Trump’s 2020 playbook: Excoriate the left and charm his base
Reigniting his racially divisive rhetoric, Trump is testing whether an amped-up version of his 2016 strategy can deliver victory again in 2020.
There are political signs, and then there are President Donald Trump’s supporter’s signs. Trump is campaigning for a second term, which means more rallies. Political rallies need signs and placards. Luckily, he’s got a large, vocal pool of supporters, and many of them come to support him bearing some pretty wild examples.
Topics on the signs include the wall between the US and Mexico, the “political swamp” in Washington, Trump’s intellect, the perils of socialism and communism, the necessity of guns, the “fake news” media, and a whole lot of love for the current president.
Seems like the weather is mostly gloomy when we talk about the Trump train. As was the mood the moment we found out we’d be covering a small protest for Trump allies. As an outsider, or a “brown person” I wasn’t expecting a warm welcome. Adorned with signs of all kinds, what I found amongst a small crowd was a mix of passion and despondency. Yes, there were enthused Trump supporters.
It isn’t surprising that Trump has attacked one of his most regular targets of abuse, Rep. Ilhan Omar (D-MN). But what was jarring was not only how extreme his attacks were, but also the fact that he went out of his way to demonize the Somali community. The Donald has called Omar “a disgrace to our country” and has pushed unfounded conspiracy theories about her marital history. He has also attacked the community of Somali refugees in Minneapolis of which Omar is a part. This serves as a window of sorts into the strategy he hopes will win him a second term in office. The picture that emerged was not a pretty one.
That’s exactly what we saw at this protest. An exact echoing of the hateful Trump message — spoken by his blinded supporters. One protestor followed me around recording me with her smart phone and yelling “here they are, the fake news media — CNN!” they falsely assumed. Another constantly demanding for Omar to be sent to jail alongside Adam Schiff and Hillary Clinton. Another spoke to me about her unconditional love for the president and how they would do “whatever is necessary” for the president. “I’d Rather Be a Russian Than a Democrat.” others have said at different rallies.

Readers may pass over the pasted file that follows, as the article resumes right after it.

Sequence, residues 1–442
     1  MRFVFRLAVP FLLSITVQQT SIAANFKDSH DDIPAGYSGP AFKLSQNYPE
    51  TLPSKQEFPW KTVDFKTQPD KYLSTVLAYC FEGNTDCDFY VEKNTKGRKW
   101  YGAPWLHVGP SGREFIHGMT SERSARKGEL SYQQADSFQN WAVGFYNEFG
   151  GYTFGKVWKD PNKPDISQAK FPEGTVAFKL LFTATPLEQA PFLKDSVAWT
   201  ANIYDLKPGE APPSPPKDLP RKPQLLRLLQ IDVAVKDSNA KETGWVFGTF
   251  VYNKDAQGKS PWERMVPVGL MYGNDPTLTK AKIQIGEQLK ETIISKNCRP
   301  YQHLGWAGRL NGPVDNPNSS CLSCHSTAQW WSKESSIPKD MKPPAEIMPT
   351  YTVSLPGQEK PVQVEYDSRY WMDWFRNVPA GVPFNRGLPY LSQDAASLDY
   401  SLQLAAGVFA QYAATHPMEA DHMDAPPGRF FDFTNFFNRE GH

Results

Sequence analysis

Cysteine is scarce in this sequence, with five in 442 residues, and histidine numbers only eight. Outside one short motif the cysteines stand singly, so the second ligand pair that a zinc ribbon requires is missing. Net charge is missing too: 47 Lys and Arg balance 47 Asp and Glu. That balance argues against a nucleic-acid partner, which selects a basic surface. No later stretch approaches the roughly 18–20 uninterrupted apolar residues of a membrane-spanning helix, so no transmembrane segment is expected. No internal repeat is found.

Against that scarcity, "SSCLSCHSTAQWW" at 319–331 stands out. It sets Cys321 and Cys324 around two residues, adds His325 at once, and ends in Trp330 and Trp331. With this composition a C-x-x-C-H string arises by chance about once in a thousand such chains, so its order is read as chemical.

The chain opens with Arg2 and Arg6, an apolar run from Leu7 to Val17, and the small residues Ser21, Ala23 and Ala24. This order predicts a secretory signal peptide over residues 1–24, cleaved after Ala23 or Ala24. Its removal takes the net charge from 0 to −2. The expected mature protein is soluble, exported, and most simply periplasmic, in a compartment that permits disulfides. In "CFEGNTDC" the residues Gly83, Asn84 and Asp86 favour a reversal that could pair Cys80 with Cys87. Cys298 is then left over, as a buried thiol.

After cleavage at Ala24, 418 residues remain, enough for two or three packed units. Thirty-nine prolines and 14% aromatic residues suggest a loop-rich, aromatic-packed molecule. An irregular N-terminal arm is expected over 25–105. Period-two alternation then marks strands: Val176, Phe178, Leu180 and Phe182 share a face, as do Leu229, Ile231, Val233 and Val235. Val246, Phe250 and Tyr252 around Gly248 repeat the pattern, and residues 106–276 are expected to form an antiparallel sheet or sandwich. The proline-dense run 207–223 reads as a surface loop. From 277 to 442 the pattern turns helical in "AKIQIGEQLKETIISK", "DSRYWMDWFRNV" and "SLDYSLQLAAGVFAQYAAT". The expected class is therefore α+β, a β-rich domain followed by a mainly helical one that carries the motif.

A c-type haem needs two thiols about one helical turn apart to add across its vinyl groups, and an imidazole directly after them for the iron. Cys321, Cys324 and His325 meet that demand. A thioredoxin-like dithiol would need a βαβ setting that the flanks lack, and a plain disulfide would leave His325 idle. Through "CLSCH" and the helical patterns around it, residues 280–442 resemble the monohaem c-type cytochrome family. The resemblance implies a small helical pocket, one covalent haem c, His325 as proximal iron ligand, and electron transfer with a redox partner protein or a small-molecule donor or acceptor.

The sound you hear is the GOP presidents of the Cold War era — Eisenhower, Nixon, Ford and Reagan — whirring like turbines in their graves. This is the state of derangement to which Trump has brought a once-great political party. Anyone tempted to dismiss these cult-of-personality rallies as freakish sideshows should keep in mind one sobering fact: His approval rating within the GOP is at a staggering 90%. We’re in for a much longer ride if the GOP doesn’t put a stop to him whilst they still can.
We used to think that the rhetoric would fade away. That the disquiet that he was tapping into in 2016 would be a thing of the past. It has worsened and his supporters hatred for the system stands stronger than ever. The attacks on Omar and Somalis illustrated how, with an impeachment inquiry underway in the House and the legal net tightening around his associates, the president is doubling down on the sort of barely varnished bigotry that got him there in the first place. Of course, it’s not exactly breaking news at this point that Trump’s brand of politics is all about dividing and conquering, not bringing people together. But if you expected after nearly three years in office that he would campaign for reelection based on his actual record, all of his rallies indicate that you will be disappointed. As was the case in 2016, Trump’s 2020 campaign is shaping to be all about demonizing the opposition, race-baiting, and warning of dire consequences if he loses.